Marketing to specifiers vs. functional buyers: Younger engineers are often tasked with finding information during the Needs Awareness and Research stages of the industrial buy cycle. Your industrial content marketing strategy must address their needs.
Many of these younger engineers may not have the final authority in the buy decision, but it is important to market to influencers and specifiers and not just target functional buyers. Let’s say you are a manufacturer of industrial components, your parts need to be “designed in” by the specifier before the Purchasing Department (functional buyer) can email you an RFQ/RFP or issue a PO.
To understand the role of various stakeholders in the industrial buying process, look at this chart from another study published by IEEE Engineering360.
Bring Subject Matter Experts (SMEs) to the forefront: Marketing alone can’t create engaging content, they need to collaborate with their SMEs. Even if marketing does the ghostwriting, the content must be reviewed and authored by SMEs. Marketing can do the heavy lifting, but they should remain in the background.
To engage with engineers, you need your content to speak to their needs by recognizing their daily challenges at work and addressing them with real-world experiences. Your in-house SMEs are the people who are most qualified for this kind of one-on-one communication with younger engineers.
“Reliance on interaction with fellow engineers dwarfs other modes as the preferred method of communication for solving problems and gaining new insights.”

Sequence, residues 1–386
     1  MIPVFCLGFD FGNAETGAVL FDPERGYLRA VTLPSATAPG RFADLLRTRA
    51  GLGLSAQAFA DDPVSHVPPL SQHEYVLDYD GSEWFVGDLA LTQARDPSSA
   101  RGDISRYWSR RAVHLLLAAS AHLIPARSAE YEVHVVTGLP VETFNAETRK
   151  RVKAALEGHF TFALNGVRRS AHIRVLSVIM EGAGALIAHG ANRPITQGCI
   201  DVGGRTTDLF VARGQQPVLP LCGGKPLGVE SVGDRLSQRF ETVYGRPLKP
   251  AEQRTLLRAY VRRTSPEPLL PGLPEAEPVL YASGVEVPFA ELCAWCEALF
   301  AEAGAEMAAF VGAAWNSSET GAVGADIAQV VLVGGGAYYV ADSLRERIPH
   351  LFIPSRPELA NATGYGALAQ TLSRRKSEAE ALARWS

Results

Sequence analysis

(Source: A global research study produced by Beacon Technology Partners and UBM Tech Electronics Network).
Industrial content marketing must leverage this collaborative ethos without wasting the engineer’s valuable time with content noise. I’ve found one engineer to another to be a powerful content marketing strategy and the most effective way to earn an engineer’s trust. See my post, Industrial Blogging Lessons Learned from Working with Technical SMEs.
Don’t limit your industrial content marketing: This is really a two-fold problem. The first issue is limiting your entire industrial content marketing strategy with one goal in mind – getting found in Google. In other words, the entire focus is on Search Engine Optimization (SEO).
Don’t’ assume that visit to conversion is automatic. Lead generation and conversions can only happen when engineers and industrial professionals trust your content and find it relevant to their needs. Understanding the difference between discovery optimization (SEO) and conversion optimization (CRO) is very important.
The second half of the problem is using industrial content marketing only for generating top of the funnel (ToFU) leads from free content downloads. You must create qualified opportunities that have a higher probability of success. That’s how you’ll gain the confidence of the sales team and achieve a closer alignment between Sales and Marketing.
White papers, case studies and other content marketing assets are great for generating Marketing Qualified Leads (MQLS), but you need to implement sales enablers into your industrial content marketing strategy for generating Sales Qualified Leads (SQLs).
Based on my 30+ years of hands-on experience in marketing to engineers, I see a big opportunity for industrial content marketing to effectively engage with busy engineers by recognizing their time crunch and providing relevant content to bridge the knowledge gap.